★ / ★★★★
Grace (Kerry Washington) decides to go to the Hamptons to visit with her posh family for their annual Moby Dick Day, unaware that Wade (Craig Robinson), her working class boyfriend of about a year, has plans of asking for her hand in marriage. Believing that it is a perfect opportunity to impress the Peeples, none of whom he has met, Wade follows Grace to the beautiful Sag Harbor. But when he gets there, much to his surprise, no one has heard of him before.
The concept of “Peeples,” written and directed by Tina Gordon Chism, is not groundbreaking or fresh but it has the potential to make a statement, while still being funny, about what it means for a person of limited means to possibly become a part of a family that is accustomed to luxury. Instead, the screenplay relies on the same boring tropes involving the main character always saying or doing the wrong thing at the worst time. Initially, it is mildly amusing. Over time, however, it makes for an empty experience.
Robinson playing the lead is not utilized in such a way that really takes advantage of his talent. I enjoy his screen presence because he looks like a huggable teddy bear that you want to get to know. Instead, the screenplay chooses a safe route. Time and again it is shown that Wade is a nice guy. However, making him so nice makes it appear as though the character does not have any dimension. Robinson gets a chance to showcase his talent, especially when he is asked to sing (even the silly songs), but his presence is crippled by the typicalities that are borderline maddening.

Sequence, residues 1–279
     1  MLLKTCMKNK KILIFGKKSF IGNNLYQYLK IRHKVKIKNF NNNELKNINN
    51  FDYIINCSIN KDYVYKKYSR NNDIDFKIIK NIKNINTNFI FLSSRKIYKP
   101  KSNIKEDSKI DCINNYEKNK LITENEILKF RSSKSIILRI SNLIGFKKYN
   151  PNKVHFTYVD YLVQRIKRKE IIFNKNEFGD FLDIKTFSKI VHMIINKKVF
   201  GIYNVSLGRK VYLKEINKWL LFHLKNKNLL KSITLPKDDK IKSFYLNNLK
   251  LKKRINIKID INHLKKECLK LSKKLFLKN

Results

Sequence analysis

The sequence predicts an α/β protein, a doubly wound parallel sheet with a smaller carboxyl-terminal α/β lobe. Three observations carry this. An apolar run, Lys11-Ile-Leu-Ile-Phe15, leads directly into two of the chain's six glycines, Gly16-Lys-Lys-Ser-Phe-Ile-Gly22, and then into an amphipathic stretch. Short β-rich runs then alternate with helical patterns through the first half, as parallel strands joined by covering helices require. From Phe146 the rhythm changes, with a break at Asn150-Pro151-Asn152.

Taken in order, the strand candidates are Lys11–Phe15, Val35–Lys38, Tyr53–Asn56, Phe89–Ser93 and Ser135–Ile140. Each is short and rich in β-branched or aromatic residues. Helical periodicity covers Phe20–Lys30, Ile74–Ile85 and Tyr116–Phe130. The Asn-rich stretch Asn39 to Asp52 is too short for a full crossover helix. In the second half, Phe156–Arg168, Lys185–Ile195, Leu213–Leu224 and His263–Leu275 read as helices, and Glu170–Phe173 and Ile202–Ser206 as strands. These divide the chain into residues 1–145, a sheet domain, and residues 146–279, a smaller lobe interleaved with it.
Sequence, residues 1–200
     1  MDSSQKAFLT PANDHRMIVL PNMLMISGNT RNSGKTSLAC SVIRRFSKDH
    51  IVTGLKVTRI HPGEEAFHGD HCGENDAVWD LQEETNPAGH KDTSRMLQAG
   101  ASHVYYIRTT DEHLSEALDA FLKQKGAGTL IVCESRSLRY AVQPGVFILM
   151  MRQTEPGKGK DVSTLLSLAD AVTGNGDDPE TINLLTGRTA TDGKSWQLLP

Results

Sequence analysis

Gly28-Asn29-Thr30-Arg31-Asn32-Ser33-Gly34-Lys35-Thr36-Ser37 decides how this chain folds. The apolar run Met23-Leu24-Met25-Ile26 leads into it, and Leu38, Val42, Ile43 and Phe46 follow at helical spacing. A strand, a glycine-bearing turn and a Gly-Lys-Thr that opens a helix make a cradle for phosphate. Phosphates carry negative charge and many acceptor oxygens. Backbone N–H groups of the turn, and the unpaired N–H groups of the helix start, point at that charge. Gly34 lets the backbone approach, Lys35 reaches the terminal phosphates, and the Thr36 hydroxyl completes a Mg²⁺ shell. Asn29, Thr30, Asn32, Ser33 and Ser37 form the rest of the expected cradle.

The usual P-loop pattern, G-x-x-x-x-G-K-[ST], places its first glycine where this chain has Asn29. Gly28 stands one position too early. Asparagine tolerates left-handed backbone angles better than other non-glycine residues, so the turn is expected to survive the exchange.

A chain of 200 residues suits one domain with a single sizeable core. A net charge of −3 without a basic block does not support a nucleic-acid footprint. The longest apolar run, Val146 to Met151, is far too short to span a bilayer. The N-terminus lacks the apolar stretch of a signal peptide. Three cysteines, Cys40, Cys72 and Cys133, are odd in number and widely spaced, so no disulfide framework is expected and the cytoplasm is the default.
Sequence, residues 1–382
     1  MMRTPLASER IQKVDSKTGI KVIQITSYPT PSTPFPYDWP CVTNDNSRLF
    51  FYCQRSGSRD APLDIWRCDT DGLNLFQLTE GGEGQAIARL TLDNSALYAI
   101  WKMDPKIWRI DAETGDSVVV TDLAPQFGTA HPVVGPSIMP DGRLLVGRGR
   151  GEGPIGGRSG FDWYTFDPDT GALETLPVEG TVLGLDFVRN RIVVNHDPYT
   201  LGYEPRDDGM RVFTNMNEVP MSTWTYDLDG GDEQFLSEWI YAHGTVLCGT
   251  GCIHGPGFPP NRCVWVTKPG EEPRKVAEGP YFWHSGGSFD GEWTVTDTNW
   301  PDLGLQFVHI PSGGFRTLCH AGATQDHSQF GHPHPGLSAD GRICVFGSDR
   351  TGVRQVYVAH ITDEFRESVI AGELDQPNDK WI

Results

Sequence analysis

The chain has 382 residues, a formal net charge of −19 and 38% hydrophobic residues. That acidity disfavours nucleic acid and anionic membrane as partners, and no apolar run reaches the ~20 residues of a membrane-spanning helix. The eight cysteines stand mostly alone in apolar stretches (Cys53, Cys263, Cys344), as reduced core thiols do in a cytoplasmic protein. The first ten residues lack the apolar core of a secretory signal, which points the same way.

The jokes are repetitive and forced. While David Alan Grier, playing Grace’s father who also happens to be a federal judge, is convincing as an intimidating man of the house, there is no element of surprise in the way he treats Wade. Of course we know Virgil is going to disapprove of the relationship; we also know that he will do whatever it takes to make Wade feel uncomfortable or unwelcome. Otherwise, there is no conflict. But what cannot be overlooked is the material’s lack of ambition to really say something worthwhile about real people with respect to their social positions. It treats us like we do not have the ability or motivation to think about what is happening on screen.
By the end, though each of the member of the family gets some screen time, we we only know their superficial quirks. In my eyes, Grace’s mother is worth looking into most. Daphne (S. Epatha Merkerson) is a recovering alcoholic and a former professional singer. Merkerson lights up the screen; I wished the writer-director made a better movie about her instead. Notice the difference between hackneyed scenes designed to inspire laughter from the audience and simple but genuine conversations about music and the past as the camera focuses on Wade and Daphne. We deserve more of the latter.
Though “Peeples” is Chism’s first feature film, putting out subpar work like this is no excuse. On the contrary, because this is her directorial debut, one would think she would have aspired to create something she could be proud of. This is so run-of-the-mill, surely she is capable, if she is lucky enough, to put out a much better sophomore effort.